10. On 26 April 2004 the applicant's counsel complained to the prosecutor's office about the applicant's ill-treatment in police custody. 11. On 29 April 2004 the senior investigator of the Leninskiy District Prosecutor's Office of Orsk dismissed the complaint. The investigator noted that the applicant had sustained the injuries on the afternoon of 23 April 2004, whereas he alleged that he had been subjected to ill-treatment on 22 April 2004. 12. The investigator based his findings on the forensic medical report of 24 April 2004, and the testimony provided by three police officers, who denied the applicant's allegations and claimed that he had actively resisted arrest and even managed to break his handcuffs. 13. On 18 May 2004 the Deputy Prosecutor of the Leninskiy District of Orsk quashed the investigator's decision of 29 April 2004. The prosecutor stated that the investigator's findings were inconclusive and that the inquiry had been incomplete. 14. On 28 May 2004 the investigator dismissed the applicant's complaint. The investigator noted that the applicant had actively resisted arrest and questioning and that the police officers had had to use physical force to restrain him. The investigator further noted that, according to the statement submitted by the temporary detention centre where the applicant had been taken on 23 April 2004, he did not have any injuries upon arrival. As to the injuries documented on 24 April 2004, the investigator decided that the applicant must have sustained them no earlier than 12 noon on 23 April 2004, that is, after his arrest and search, which he had actively resisted. 15. On 7 June 2004 the Leninskiy District Court of Orsk quashed the decision of 28 May 2004. The court noted that the investigator's findings were inconclusive and contradictory. In particular, the court observed as follows:
“According to the materials in the case file concerning the refusal to open a criminal investigation, [the applicant] was not questioned with regard to the injuries he had sustained. The decision not to open a criminal investigation was based on the statements made by M., T., and K., the police officers [accused by the applicant of ill-treatment], a report provided by [the temporary detention centre], and the forensic medical report [of 24 April 2004]. [The investigator's] findings [of 28 May 2994] are manifestly contradictory and inconclusive. On the one hand, the investigator noted that [the applicant's] injuries had resulted from his active resistance to the police officers in the course of his arrest on 22 April 2004. On the other hand, the investigator referred to the forensic medical report, arguing that [the applicant] had sustained the injuries no earlier than 12 noon on 23 April 2004. [Thus, the investigator] failed to elucidate the circumstances under which [the applicant] had sustained the injuries, whether it had happened on 22 April 2004 or no earlier than 12 noon on 23 April 2004, and how those injuries had originated if no one had beaten [the applicant]. [The investigator] only established that the applicant did sustain the injuries, but failed to determine the circumstances of their origin. Furthermore, M. had stated that [the applicant] had broken his metal handcuffs... However, [the investigator] did not examine the handcuffs. Nor did he verify [M.'s statement]. On the day of the court hearing concerning [the applicant's] remand in custody, [he] submitted that the police officers had torn his shirt. His statement was recorded in the minutes of the hearing... [The applicant] explained that the police officers had torn his shirt when they beat him. [The applicant's allegations] were not verified. According to the information provided by [the remand prison], [the applicant] is receiving medical treatment; certain tests have been carried out, but his condition is not improving. [The investigator] did not verify whether there was a link between [the applicant's] condition and the injuries he had sustained. The court subscribes to the opinion of the applicant's representative that the inquiry conducted was incomplete in view of [the investigator's] failure to determine the degree of severity of the [applicant's] injuries. Having regard to the above, the court considers that an additional and comprehensive inquiry is required in order to reconcile all the discrepancies.”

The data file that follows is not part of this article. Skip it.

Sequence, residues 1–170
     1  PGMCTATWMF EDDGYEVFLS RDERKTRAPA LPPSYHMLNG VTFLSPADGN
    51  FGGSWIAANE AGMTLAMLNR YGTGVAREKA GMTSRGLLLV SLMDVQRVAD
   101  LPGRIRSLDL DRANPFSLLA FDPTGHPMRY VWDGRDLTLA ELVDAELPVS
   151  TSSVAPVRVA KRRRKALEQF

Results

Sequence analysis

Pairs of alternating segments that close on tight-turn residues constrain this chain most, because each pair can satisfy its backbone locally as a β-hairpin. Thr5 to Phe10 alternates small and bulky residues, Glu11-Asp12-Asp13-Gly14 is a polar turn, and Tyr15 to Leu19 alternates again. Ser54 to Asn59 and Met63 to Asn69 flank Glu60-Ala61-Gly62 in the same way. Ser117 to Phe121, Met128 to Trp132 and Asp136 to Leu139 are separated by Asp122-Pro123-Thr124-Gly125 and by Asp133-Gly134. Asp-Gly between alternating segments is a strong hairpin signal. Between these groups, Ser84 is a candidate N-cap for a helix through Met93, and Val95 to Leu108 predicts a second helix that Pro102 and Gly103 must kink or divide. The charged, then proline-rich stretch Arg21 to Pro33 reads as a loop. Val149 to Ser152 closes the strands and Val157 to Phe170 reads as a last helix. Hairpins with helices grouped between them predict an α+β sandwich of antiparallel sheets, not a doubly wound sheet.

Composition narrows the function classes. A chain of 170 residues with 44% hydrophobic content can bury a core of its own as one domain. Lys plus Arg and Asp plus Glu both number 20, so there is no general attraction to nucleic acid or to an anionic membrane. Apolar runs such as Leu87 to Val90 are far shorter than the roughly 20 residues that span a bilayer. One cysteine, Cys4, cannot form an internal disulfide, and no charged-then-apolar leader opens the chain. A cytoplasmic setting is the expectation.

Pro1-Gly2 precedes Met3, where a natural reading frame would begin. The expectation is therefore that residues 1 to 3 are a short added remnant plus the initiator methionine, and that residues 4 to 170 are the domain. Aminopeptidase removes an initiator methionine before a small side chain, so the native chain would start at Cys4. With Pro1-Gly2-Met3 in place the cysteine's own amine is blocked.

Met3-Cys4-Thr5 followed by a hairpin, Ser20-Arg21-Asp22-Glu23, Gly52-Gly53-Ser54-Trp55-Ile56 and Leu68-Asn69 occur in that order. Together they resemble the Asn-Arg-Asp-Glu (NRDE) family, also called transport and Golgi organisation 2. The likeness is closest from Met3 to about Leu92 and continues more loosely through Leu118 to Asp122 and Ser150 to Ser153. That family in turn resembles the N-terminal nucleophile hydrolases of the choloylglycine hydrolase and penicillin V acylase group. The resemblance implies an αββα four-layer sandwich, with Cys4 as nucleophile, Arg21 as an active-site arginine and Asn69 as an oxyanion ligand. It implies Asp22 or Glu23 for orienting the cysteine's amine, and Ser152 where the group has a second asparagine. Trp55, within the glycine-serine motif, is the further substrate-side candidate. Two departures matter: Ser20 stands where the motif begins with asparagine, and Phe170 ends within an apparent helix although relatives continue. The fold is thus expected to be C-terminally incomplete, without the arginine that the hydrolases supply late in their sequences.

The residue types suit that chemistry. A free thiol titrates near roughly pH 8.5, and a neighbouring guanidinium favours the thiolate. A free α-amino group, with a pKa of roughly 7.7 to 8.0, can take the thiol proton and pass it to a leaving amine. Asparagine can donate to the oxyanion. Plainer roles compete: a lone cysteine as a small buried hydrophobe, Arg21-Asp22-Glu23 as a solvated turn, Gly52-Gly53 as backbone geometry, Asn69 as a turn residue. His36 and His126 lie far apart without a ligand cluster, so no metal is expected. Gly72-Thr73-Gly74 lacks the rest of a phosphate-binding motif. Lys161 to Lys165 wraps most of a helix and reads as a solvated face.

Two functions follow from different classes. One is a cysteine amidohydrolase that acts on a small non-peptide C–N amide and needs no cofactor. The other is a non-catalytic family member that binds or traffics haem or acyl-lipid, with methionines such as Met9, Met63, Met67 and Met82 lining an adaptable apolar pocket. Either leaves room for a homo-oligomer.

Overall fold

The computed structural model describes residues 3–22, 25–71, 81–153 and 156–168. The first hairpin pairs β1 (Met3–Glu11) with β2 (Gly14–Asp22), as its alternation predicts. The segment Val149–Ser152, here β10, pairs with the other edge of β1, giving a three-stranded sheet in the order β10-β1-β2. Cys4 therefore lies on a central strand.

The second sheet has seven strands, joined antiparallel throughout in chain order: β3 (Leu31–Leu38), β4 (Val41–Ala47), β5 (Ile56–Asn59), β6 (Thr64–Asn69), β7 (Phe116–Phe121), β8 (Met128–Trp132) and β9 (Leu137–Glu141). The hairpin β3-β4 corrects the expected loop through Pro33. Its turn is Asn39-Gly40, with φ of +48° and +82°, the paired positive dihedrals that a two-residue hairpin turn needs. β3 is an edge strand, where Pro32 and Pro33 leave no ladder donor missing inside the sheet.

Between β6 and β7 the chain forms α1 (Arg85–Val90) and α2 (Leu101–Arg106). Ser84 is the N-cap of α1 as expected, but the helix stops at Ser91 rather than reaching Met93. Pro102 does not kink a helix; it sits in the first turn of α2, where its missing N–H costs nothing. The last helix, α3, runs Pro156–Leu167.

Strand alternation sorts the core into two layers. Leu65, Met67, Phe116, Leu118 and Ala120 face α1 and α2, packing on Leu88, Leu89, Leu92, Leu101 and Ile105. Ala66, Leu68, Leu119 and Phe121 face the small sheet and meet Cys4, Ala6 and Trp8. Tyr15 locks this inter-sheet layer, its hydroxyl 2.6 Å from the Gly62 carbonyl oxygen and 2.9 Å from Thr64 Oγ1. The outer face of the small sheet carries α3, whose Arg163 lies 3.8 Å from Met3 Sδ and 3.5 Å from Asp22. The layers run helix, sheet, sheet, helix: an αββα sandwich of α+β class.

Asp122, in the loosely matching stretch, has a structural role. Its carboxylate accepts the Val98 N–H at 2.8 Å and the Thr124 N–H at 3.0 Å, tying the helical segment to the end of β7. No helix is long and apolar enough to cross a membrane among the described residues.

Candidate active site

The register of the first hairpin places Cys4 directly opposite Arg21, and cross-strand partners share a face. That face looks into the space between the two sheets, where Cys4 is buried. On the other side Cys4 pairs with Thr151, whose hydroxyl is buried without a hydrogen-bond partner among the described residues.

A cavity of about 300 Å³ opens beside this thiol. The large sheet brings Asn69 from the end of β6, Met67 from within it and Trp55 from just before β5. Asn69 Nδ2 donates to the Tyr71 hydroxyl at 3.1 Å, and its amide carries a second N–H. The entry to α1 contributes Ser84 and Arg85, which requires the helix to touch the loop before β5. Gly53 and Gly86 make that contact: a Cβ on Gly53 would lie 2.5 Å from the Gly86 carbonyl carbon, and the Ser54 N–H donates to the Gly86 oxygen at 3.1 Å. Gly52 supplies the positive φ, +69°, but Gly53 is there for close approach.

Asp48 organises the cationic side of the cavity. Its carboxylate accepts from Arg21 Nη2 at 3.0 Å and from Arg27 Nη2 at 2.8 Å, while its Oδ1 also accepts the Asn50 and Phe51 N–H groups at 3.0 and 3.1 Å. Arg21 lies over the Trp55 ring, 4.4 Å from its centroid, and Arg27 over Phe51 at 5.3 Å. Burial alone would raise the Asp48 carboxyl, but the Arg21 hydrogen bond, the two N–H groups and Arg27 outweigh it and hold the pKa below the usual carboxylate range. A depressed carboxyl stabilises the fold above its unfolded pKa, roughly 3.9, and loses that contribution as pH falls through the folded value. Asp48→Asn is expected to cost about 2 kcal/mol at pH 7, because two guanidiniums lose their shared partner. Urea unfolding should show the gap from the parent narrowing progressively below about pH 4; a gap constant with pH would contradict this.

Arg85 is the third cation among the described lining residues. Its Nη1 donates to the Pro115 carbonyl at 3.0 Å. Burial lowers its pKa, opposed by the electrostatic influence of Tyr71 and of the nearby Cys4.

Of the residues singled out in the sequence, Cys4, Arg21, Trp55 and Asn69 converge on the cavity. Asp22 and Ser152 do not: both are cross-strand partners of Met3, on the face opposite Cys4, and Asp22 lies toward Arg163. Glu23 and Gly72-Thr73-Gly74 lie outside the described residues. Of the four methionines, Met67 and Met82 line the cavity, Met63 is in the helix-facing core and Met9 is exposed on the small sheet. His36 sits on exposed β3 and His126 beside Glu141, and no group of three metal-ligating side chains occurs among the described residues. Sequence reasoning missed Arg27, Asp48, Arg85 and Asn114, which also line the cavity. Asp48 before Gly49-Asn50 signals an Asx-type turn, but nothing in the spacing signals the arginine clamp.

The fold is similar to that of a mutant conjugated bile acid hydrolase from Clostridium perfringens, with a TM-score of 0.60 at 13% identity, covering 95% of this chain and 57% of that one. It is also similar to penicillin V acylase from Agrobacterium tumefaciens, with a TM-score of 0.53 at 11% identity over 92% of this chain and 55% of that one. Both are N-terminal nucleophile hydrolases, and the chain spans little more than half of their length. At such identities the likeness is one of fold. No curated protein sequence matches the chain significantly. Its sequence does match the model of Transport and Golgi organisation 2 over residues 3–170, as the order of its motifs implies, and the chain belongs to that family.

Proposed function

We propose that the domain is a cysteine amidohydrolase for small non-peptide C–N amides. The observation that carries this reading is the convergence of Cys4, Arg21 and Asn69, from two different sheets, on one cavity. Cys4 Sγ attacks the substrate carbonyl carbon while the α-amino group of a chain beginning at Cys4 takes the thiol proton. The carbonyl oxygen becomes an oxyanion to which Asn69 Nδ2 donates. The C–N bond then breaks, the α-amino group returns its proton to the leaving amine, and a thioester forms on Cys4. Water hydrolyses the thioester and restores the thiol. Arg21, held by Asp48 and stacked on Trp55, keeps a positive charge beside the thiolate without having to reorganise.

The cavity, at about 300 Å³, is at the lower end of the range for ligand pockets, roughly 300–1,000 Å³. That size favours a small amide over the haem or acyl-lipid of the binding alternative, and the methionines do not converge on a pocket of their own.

16. On 13 July 2004 the Orenburg Regional Court found that the District Court had failed to examine properly all the material in its possession and had based its decision mainly on the applicant's testimony. The Regional Court quashed the decision of 7 June 2004 and remitted the matter for fresh consideration. 17. On 13 August 2004 the Leninskiy District Court of Orsk upheld the investigator's decision of 28 May 2004. The court found the police officers' actions to have been lawful and dismissed the applicant's request for them to be subjected to a polygraph test. In particular, the court observed as follows: